Exit strategies from social media
While it's mostly acknowledged that every campaign has an end, we often fail to deal with – supposedly – trivial issues that surround the planned or unplanned termination of online-actions, petitions, informative websites, facebook/twitter accounts, etc.
Sometimes, ending a campaign might just mean saying "thank you" to your users and closing down the website/services you were running. But in fact it's often a crucial decision to throw away useful user data, content and branding that you built up in many hours of work. You might want to keep some of the information, or redirect links and users to longer lasting online resources.
All too often, it's hard to say what's the best thing to do, and as result, you leave things pretty much as they are. Your campaign's website becomes older, updated only every once in a while. Your campaign's facebook fan page is rarely used, even if it has far more fans than your organisation's fan page. You know that things should be different, there should be a transition. But what's the best way to do it?
During our session at the eCampaigning forum, we found that there's no general solution. But with a bit of planning, you can avoid some pitfalls.
Never cancel the registration of a domain you used unless the campaign is long ended and you've checked carefully that it is really not getting any significant traffic. If you've finished publishing, use a redirect instead. Otherwise you might lose interested visitors for your other websites, or find that someone else makes a fortune by taking over your old domain name that is still linked on other websites around the web.
Use the information you have
Use analytics software to find out if and how people arrive at your website. According to the results, you might change some of the links to your campaign's website, or ask other people to change them. Use redirects wisely, and point people to pages with the information they're looking for.
Don’t leave it too late
Persuading people to switch to other websites/accounts/pages is far easier if they’re still connected to you and your cause. The longer you wait with a transition after your campaign is over, the fewer people will switch, so plan ahead. Some participants of this workshop spoke of rates of people switching from 60% (1st month) to 1% (1st year).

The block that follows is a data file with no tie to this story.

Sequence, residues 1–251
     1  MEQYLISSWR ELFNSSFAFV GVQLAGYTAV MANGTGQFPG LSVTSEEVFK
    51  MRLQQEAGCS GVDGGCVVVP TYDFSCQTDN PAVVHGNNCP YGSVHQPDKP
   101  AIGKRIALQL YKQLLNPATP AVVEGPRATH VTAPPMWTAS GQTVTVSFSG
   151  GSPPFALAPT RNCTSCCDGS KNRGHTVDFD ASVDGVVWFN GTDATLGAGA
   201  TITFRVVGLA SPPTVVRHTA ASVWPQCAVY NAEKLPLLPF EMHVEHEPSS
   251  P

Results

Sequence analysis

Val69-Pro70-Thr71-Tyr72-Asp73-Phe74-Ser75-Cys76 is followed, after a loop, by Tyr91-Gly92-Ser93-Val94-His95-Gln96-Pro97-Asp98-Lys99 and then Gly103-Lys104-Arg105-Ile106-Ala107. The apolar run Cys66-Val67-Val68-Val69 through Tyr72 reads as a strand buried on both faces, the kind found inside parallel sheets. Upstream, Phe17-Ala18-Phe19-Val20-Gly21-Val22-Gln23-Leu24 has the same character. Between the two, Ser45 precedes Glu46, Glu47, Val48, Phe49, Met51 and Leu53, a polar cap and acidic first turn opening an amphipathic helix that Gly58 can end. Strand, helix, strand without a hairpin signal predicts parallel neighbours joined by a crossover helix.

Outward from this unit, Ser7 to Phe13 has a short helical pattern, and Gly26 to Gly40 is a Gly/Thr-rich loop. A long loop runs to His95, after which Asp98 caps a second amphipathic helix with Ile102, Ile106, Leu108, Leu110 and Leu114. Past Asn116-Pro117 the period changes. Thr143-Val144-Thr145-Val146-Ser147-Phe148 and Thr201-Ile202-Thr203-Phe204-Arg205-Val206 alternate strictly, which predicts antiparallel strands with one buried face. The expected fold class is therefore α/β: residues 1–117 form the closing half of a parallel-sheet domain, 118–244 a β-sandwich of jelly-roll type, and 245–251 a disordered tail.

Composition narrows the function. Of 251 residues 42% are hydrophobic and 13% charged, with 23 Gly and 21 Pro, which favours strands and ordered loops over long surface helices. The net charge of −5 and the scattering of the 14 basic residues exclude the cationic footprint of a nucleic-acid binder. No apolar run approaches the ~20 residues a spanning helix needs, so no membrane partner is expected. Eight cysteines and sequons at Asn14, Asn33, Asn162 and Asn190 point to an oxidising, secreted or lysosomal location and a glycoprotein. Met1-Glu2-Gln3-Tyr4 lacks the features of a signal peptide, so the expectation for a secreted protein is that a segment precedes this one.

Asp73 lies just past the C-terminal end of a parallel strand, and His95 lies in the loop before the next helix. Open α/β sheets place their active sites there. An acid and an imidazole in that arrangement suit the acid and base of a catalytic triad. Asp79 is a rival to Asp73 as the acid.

Minimize external content
Is it really necessary to create yet another website? Can’t you campaign without one? What about another facebook or twitter account – are they important to your success? Very often, it’s a good idea to stick to your existing publishing places. This way, you won't have to deal with close-down or switching issues at all.
Push personal accounts
The web is social. Yeah, you heard this one A LOT. Yet, take the meaning of it seriously. Social = People are involved. By using personal accounts for campaigning you can 1) stress the fact that you have committed people in your campaign and 2) won’t end in a situation where people have to rely on a dedicated site to get information from. Make it viral from the start. Period.
Thank your volunteers and activists
Even if there's more to do, thanking your users for their actions is crucial to keep them on board. Maybe give them something extra: a game, a present, a prize or anything you can think of. They will pay you back with extra commitment.
Don’t rely on Facebook or other service providers
Web services are always changing and nobody can say what will happen next. Facebook for example introduced “pages” after people had already built up big “groups”. For a while there was a way to switch from group to page, but now this feature has been removed. If you still have a group with thousands of members and want it to become a page, you have a serious problem. Don’t rely too much on FB or other services to run your campaign. Having a good e-mail-list at hand is still the most sustainable solution.
If you integrate external campaigning wisely into your website, a later transition will be easier. Buzz words are: Widgets, shared email-lists, shared backend, etc.
One of the results from our session at the ECF was the shared experience that exit strategies are often a matter of resources. Often we want to avoid the trouble of extra work, and with the pressure of launching and running a live campaign, it can be hard to find the time to think about what's going to happen at the end of it.
At the same time, many of us are working on the issue of “sustainability” but fail to make it part of our everyday lives. Having an exit strategy will definitely save you work time, money and motivation. So it’s the perfect first step to start living what’s called “sustainability”.
Michael Dettbarn is eCampaigner for Oxfam Germany.